After awakening to the power of nonviolence, conducting many successful experiments in it, and refining some of its key features as a method for mass social empowerment, Gandhi left South Africa after 21 years. The year was 1914. Four years later, while Gandhi is conducting new experiments in India, Nelson Mandela is born. The soil was certainly fertile.
Drawing from the legacy of Satyagraha and non-cooperation, Mandela was imprisoned in the midst of the political period known as “apartheid,” which means “separateness,” in Afrikaans. (Note that from the perspective of nonviolence, separateness is a root of violence itself.) Imprisonment did not convince him to end his struggle. He remained faithful to his vision of the just world, convinced that the people of South Africa deserved a more dignified existence together. After 27 years of humiliation and cruel treatment, he was released, at the height of the struggle to end the apartheid regime, to be greeted by cheering crowds of tens of thousands. Four years later, he became the first black President of a democratic South Africa, inspiring people around the world to his example of courage and faith until his death in 2013. For Satyagrahis like Mandela, even death is not a defeat.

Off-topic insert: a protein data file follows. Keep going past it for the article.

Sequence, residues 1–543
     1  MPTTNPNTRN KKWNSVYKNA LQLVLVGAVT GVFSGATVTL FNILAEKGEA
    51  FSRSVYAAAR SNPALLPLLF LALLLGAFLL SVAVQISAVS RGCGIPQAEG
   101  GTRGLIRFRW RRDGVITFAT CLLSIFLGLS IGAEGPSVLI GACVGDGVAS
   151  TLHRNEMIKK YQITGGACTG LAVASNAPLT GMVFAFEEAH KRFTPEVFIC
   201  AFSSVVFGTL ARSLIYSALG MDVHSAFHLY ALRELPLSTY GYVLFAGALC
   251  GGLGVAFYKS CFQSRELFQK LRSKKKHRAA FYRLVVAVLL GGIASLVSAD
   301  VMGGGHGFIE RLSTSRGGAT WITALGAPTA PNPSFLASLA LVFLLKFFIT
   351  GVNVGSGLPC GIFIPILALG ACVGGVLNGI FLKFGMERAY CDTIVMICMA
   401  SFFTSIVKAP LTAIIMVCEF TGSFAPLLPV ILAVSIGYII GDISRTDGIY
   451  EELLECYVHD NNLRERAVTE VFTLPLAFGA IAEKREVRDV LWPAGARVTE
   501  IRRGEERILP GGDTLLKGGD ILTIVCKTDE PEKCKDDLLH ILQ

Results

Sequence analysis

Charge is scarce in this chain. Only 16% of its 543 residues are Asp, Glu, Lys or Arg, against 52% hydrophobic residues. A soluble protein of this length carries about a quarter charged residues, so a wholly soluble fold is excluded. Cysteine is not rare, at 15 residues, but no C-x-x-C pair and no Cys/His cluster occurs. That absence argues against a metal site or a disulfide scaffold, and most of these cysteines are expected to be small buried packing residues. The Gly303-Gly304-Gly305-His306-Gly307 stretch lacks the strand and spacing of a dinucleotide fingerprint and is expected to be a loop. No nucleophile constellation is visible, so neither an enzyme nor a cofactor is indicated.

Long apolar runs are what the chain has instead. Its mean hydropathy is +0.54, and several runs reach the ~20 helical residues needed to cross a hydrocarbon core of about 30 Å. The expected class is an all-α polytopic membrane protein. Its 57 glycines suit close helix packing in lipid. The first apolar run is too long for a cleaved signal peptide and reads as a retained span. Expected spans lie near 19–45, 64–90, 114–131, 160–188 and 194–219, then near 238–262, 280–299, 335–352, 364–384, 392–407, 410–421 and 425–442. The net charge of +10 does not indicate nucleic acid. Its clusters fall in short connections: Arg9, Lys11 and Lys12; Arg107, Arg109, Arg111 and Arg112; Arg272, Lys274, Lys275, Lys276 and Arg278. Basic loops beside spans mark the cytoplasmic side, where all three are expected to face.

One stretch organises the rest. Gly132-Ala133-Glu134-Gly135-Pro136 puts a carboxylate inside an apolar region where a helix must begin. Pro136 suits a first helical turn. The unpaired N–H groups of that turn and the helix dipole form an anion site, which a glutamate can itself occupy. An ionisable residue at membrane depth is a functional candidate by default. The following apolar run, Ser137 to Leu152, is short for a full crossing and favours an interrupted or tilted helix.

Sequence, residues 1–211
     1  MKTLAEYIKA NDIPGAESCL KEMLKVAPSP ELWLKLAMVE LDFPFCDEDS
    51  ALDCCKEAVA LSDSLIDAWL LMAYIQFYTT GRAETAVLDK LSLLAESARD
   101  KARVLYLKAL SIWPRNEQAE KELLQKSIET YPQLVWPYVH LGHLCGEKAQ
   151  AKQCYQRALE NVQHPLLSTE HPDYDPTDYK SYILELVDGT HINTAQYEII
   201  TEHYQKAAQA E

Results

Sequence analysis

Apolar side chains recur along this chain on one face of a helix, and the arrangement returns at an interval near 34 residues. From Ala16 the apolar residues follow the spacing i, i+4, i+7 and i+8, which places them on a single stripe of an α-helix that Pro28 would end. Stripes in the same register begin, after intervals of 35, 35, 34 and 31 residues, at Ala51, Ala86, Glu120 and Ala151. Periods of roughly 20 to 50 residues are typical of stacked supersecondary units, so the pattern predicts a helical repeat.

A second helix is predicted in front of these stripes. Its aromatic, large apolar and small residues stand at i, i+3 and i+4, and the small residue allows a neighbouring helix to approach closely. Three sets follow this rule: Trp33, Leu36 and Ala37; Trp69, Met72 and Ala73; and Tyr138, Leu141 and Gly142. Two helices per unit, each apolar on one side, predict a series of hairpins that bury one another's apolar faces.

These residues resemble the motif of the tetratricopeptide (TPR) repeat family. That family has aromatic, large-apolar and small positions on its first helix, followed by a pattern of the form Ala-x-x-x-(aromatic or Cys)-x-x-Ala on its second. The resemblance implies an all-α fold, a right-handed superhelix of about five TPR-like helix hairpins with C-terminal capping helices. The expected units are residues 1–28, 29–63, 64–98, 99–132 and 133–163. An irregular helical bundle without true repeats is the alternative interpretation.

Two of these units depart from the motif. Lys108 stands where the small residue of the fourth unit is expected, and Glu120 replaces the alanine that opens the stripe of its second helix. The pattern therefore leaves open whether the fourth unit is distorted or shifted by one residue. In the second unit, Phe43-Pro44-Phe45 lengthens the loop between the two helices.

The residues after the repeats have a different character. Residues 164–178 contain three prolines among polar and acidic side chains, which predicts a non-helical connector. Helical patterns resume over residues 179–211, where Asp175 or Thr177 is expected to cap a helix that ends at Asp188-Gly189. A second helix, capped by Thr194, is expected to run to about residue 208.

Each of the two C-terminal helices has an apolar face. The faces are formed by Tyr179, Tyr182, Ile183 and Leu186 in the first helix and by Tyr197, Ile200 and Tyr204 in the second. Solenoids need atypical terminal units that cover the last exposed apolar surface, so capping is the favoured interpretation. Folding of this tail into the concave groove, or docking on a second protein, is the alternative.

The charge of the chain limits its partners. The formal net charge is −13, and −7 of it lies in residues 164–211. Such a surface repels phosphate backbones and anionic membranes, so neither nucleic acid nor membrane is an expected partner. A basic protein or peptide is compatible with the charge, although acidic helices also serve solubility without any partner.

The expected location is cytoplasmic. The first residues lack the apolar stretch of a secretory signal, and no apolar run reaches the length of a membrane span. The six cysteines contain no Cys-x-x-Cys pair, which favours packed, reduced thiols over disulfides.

Read Nelson Mandela’s 1994 inauguration speech.
The Metta Center for Nonviolence, PO Box 98, Petaluma, California 94953 707-774-6299 email@example.com